This subject is was a debate during a Radio Talk show where we were invited as a special guest.In additionaly i will review the Eu convention that reglement’s this particulary subject ,plus the personal data protection reg. for PSC :
Convention for the Protection of Individuals with regard to Automatic Processing of Personal Data
The above-mentioned convention is of particular importance to the governance of private security activities. This is because it attempts to provide minimum standards on the automatic processing of personal data, which is one of the main concerns in relation to the infringement of the right to privacy. In particular, the convention sets out five criteria for the automatic processing of information (Art. 5). Personal data undergoing automatic processing shall be:
. a) obtained and processed fairly and lawfully;
. b) stored for specified and legitimate purposes and not used in a way that is incompatible with those purposes;
. c) adequate, relevant and not excessive in relation to the purposes for which they are stored;
. d) accurateand,where necessary ,kept up to date;and,
. e) preserved in a form which permits identification of the data subjects for no longer than is required for the purpose for which those data are stored.
Moreover, the Convention stipulates that any person should be able to verify whether information is stored about him or her, as well as the purpose and the identity of the person in charge of their file (Art. 8). It also stipulates that the person can request information at regular intervals without excessive delays, and demand the erasure or rectification of information if the latter is processed contra domestic law. These are fundamental principles which a PSC must respect when undergoing
its routine surveillance activities. Also, the fact that appropriate security measures must be taken for the protection of personal data (Art. 7), implies that PSCs must be held responsible for taking such measures for the protection of the security of stored data. Additionally, the convention also contains a clause on discrimination, as ‘personal data’ revealing racial origin, political opinions or religious or other beliefs, as well as personal data concerning health or sexual, may not be processed automatically unless domestic law provides appropriate safeguards. The same shall apply to personal data relating to criminal convictions. This is point is interesting in relation to the racial profiling that certain PSCs carry out, as it signifies that as long as domestic law provides appropriate safeguards, profiling may be carried out according to race, colour, religion or place of origin. Lastly, the Convention allows for some crucial exemptions to articles 5, 6 and 8 as set out to protect the rights of individuals. It stipulates that data collected in pertaining to state security, public security, monetary interests of the state as well as the suppression of offences, can be exempted from the protection of citizens rights, if necessary in a democratic society (Art. 9). The extent to which the actions of PSCs would fall under this article and thus be exempt from respecting the former important provisions is questionable.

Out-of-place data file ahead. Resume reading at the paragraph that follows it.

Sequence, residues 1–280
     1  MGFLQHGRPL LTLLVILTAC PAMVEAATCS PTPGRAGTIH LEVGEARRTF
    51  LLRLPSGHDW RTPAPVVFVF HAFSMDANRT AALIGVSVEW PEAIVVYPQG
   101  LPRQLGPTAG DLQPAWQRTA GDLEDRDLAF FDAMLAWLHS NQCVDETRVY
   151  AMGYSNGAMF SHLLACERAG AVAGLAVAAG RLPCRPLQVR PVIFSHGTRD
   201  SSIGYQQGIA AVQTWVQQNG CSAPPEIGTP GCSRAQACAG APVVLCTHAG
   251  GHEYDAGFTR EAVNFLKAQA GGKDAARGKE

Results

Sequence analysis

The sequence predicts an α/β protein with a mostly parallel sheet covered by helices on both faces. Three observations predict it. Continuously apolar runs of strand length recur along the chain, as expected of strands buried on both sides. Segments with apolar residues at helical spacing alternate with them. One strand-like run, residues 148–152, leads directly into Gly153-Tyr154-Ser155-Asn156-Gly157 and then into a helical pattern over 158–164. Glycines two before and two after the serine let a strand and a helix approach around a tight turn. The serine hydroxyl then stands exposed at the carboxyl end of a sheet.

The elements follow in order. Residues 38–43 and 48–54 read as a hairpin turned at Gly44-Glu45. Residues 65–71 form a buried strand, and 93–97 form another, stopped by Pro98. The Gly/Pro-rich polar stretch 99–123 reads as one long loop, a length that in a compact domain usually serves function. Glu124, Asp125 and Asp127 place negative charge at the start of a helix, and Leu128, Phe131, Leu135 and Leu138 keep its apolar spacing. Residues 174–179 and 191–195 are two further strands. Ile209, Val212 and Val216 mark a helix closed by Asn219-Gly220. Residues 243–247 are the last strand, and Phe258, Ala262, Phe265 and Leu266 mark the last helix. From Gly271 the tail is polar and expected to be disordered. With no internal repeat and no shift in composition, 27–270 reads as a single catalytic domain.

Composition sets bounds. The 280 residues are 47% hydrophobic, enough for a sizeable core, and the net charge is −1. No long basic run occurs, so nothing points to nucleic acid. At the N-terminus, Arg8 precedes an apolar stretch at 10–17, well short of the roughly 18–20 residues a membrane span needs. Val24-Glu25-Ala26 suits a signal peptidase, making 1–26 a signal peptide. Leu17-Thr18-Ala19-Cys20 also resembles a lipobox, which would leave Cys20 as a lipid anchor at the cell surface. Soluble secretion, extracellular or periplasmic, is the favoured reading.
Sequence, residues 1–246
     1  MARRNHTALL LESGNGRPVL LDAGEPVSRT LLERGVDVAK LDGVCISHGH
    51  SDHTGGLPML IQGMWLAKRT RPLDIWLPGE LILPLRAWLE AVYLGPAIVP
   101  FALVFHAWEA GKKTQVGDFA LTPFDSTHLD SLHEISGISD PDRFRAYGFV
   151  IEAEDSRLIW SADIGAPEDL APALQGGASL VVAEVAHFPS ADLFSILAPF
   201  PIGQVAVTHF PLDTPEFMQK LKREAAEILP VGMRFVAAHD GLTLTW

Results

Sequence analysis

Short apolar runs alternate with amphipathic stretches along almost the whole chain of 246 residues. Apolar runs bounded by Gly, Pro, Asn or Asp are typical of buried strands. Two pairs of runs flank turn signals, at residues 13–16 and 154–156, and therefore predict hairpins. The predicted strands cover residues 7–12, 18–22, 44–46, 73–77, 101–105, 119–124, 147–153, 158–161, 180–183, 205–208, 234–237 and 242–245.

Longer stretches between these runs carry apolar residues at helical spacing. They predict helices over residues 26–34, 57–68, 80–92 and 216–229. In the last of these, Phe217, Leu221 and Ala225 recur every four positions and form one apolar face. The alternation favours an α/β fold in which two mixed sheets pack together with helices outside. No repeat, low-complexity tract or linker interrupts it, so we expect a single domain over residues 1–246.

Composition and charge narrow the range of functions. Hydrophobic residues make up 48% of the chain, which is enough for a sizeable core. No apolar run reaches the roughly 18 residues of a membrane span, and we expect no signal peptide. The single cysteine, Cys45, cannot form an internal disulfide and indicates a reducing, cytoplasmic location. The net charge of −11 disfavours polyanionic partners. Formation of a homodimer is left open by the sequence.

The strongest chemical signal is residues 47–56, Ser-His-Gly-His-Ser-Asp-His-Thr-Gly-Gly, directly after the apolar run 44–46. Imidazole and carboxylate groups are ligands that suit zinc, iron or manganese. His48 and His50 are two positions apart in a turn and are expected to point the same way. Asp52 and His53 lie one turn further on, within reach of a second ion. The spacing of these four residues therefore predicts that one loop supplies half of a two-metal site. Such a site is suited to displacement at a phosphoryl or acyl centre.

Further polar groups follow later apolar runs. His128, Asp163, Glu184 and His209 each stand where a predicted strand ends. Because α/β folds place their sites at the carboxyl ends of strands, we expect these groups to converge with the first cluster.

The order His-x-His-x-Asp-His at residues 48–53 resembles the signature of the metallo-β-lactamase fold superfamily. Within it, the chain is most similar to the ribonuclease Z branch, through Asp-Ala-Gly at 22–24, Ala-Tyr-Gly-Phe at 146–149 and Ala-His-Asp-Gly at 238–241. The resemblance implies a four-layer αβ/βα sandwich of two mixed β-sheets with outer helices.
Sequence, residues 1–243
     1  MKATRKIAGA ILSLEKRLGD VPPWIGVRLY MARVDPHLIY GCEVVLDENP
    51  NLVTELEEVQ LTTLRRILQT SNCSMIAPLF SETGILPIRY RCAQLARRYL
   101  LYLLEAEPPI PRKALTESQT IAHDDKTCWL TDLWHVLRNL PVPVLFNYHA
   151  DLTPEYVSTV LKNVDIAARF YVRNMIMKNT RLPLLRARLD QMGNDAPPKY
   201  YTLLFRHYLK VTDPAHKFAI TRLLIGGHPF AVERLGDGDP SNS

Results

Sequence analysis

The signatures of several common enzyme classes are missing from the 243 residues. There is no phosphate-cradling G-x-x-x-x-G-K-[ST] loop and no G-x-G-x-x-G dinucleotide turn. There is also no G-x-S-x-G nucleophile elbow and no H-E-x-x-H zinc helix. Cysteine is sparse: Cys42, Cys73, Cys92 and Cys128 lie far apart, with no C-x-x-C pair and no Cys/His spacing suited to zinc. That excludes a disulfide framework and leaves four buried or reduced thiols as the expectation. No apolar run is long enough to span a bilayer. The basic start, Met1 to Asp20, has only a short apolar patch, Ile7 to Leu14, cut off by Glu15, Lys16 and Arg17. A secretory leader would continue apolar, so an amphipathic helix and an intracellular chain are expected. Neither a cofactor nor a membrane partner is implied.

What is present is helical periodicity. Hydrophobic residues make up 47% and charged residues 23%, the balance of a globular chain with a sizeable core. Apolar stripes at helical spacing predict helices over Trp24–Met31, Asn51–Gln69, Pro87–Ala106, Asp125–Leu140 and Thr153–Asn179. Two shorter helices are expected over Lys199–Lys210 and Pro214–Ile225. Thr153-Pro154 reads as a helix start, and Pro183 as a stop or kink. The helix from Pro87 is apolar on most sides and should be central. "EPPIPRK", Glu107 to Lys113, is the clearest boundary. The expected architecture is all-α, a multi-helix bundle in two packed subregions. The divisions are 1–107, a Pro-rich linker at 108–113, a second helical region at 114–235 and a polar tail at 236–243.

Convention on the Control of the Acquisition and Possession of Firearms by Individuals
This convention mainly deals with firearms transfers between states and does not contain any specific references to the possession of firearms. However, is the convention is interesting as it provides a general framework for the transfer of firearms from country to country, which may be relevant when PSCs operate on trans-national boundaries. Thus, it is clear from this convention, that if a PSC sells, transfers or otherwise provides firearms to a person in the territory of another state, the host-state where the PSC is situated, must notify the other state about the arms transfer (Art. 5).
The convention also applies to international PSCs which transfer firearms from one country to another, without change of possession, thus applying to PSCs with branches in several countries, such as Securitas for instance (Art. 6). Moreover, where arms transfers occur, the convention stipulates that the state must notify the other state of the identity, address and passport details of the person concerned as well as the characteristics and number of the firearm (Art. 8). Finally, Art. 10.1 stipulates that no arms can be transferred to a non-resident who does not have prior authorisation, and thus includes international PSCs who take foreign PSC employees to another country. In brief, although this convention leaves member states free to prescribe their own laws and regulations concerning firearms (Art. 3), it is clear that PSCs cannot operate in a legal vacuum when it comes to the acquisition and transfer of firearms.
Source : Council of Europe Treaty office – http://conventions.coe.int
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